WHOLE FOODS BOYCOTT GROWING
Judging from the mail we have received and comments elsewhere, the issue has neatly divided iconic liberals from populist progressives, with the former sticking to their favorite brands - i.e. Whole Foods and Obama - while the latter are concentrating on the issues underneath the symbolism. It also seems that boycotts have become so rare in the contemporary liberal repertoire that they appear to some as vaguely subversive or otherwise dangerous. While one can logically argue that a Whole Foods boycott would not be effective or is aimed at the wrong target, the generally weak liberal support for single payer healthcare and other core issues suggests something more is at work. It is probably another sign of what might be called check-off liberalism: you check off a ballot or a petition - or send a check off to some cause - and your work is done.
Our own view is that the WF effort is a classic case of a boycott that could work. The potential boycotters are the very people the target depends upon. Additionally, the boycott is a direct attack on the marketing symbolism of the company. All in all, in a time of little action, a nice example of what people could be doing more of. Come to think of it, a six month boycott of recording companies represented by RIAA might not be a bad idea either.
Maureen Turner, Valley Advocate - [WF CEO John Mackey] was already the nemesis of organized labor and other progressives before his op-ed ran. The CEO also opposes the Employee Free Choice Act, and in April, Mother Jones magazine (available for purchase, by the way, at the checkout racks at Whole Foods) reported that it had obtained an internal company document that named remaining "100 percent union-free" as a key corporate goal. . .
Jobs with Justice and the Single Payer Network point out that there are other local food stores that support their communities, including Stop and Shop, which is unionized, and
Wikipedia - A boycott is a form of consumer activism involving the act of voluntarily abstaining from using, buying, or dealing with someone or some other organization as an expression of protest, usually of political reasons.
Although the term itself was not coined until 1880, the practice dates back to at least 1830, when the National Negro Convention encouraged a boycott of slave-produced goods. Other instances of boycotts are their use by African Americans during the US civil rights movement (notably the Montgomery Bus Boycott); the United Farm Workers union grape and lettuce boycotts; the American boycott of British goods at the time of the American Revolution; the Indian boycott of British goods organized by Mohandas Gandhi; the successful Jewish boycott organized against Henry Ford in the USA, in the 1920s; the boycott of Japanese products in China after the May Fourth Movement; the Jewish anti-Nazi boycott of German goods in Lithuania, the USA, Britain and Poland during 1933. . .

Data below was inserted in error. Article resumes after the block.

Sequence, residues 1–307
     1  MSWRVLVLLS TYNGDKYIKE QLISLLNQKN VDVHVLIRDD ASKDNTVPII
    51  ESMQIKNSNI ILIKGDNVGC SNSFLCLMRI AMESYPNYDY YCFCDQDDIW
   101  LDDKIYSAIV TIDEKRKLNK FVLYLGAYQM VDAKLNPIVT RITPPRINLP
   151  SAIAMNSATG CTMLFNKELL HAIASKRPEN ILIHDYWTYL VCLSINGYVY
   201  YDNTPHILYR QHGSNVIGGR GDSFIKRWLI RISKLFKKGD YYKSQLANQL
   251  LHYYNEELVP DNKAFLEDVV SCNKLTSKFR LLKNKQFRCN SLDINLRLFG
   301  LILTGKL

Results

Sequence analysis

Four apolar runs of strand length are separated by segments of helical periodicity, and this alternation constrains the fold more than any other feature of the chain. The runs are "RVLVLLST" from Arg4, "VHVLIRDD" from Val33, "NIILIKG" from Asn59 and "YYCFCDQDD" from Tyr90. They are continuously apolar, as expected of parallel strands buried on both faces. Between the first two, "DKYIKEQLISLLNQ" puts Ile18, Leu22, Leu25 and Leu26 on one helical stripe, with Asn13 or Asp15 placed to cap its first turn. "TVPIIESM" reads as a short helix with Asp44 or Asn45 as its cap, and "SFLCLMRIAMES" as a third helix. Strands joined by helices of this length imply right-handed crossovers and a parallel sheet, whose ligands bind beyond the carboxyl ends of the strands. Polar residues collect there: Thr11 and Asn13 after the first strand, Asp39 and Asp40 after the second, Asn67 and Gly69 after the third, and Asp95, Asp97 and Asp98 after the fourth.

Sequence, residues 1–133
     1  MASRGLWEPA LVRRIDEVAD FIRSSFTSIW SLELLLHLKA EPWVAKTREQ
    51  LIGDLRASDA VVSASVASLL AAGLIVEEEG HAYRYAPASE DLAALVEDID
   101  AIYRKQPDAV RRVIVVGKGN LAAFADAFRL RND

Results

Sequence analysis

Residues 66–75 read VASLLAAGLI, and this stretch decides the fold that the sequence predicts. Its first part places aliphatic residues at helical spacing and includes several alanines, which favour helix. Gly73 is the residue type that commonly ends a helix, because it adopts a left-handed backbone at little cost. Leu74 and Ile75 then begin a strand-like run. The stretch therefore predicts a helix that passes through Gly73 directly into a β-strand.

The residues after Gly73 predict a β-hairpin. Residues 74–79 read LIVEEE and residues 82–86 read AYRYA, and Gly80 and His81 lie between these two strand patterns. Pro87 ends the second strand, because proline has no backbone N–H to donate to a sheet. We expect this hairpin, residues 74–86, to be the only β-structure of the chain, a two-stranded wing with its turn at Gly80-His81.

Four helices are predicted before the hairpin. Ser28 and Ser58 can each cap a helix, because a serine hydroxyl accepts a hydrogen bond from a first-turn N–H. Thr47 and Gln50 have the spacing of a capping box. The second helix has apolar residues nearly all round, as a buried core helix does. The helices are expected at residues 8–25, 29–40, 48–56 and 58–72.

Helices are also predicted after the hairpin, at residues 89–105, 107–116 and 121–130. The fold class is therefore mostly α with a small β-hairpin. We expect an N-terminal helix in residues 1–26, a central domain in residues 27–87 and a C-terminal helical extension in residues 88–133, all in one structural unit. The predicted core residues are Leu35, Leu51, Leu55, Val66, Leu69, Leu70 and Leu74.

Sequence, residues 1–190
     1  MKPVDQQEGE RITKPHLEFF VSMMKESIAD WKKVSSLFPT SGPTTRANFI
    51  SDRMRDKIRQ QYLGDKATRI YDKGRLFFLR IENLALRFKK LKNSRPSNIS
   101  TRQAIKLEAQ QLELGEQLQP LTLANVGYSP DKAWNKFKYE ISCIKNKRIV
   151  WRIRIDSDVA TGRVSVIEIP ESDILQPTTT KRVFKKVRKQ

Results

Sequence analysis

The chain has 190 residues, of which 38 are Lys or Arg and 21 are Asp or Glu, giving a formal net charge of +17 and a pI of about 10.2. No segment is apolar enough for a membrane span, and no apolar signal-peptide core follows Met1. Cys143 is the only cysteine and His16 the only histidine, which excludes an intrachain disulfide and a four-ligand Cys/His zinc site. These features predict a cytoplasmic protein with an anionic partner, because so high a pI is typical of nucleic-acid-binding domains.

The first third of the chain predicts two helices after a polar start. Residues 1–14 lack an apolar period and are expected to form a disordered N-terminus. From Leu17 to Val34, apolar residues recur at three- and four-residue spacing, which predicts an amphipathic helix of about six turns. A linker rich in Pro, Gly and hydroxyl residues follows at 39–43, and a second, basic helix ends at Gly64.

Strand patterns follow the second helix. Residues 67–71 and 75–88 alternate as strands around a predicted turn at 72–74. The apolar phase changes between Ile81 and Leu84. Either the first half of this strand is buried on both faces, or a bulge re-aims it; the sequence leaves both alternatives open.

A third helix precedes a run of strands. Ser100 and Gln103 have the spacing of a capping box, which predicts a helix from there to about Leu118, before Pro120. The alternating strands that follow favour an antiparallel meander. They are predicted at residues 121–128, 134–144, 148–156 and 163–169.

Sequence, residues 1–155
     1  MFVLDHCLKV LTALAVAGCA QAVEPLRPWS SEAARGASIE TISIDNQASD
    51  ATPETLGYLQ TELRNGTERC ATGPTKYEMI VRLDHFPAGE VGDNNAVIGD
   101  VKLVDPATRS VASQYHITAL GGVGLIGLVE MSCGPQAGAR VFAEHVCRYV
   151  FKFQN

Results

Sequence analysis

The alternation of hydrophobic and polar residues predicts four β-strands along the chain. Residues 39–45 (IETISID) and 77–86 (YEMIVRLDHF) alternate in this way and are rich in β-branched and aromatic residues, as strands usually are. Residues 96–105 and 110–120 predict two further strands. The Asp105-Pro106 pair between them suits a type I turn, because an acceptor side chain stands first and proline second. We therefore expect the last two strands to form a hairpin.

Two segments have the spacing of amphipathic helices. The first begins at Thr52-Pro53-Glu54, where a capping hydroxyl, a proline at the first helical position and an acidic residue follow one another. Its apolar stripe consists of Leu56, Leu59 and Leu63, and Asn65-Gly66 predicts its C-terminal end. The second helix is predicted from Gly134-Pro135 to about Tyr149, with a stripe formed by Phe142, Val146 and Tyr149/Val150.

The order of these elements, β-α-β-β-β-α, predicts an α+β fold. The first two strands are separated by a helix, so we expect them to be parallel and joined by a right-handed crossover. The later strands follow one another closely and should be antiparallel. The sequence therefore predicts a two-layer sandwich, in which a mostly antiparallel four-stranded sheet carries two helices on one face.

Boycotts are now much easier to successfully initiate due to the Internet. Examples include the gay and lesbian boycott of advertisers of the Dr. Laura talk show, gun owners' similar boycott of advertisers of Rosie O'Donnell's talk show and (later) magazine, and gun owners' boycott of Smith & Wesson following that company's March 2000 settlement with the
Another form of consumer boycotting is substitution for an equivalent product; for example, Mecca Cola and Qibla Cola have been marketed as substitutes for Coca-Cola among Muslim populations.
Academic boycotts have been organized against countries. For example, the mid and late 20th century academic boycotts of
Some boycotts center on particular businesses, such as recent protests regarding Costco, Walmart, Ford Motor Company, or the diverse products of Philip Morris. Another form of boycott identifies a number of different companies involved in a particular issue, such as the Sudan Divestment campaign, the Boycott Bush campaign. The Boycott Bush website was set up by Ethical Consumer after U.S. President George W. Bush failed to ratify the Kyoto Protocol - the website identifies Bush's corporate funders and the brands and products they produce. . .
Boycotts are unquestionably legal under the common law. The right to engage in commerce, social intercourse, and friendship implies the right not to engage in commerce, social intercourse, and friendship; since a boycott is voluntary and nonviolent, it is unable to be stopped by the law. Opponents of boycotts historically have the choice of suffering under it, yielding to its demands, or attempting to suppress it through extralegal means, such as force and coercion.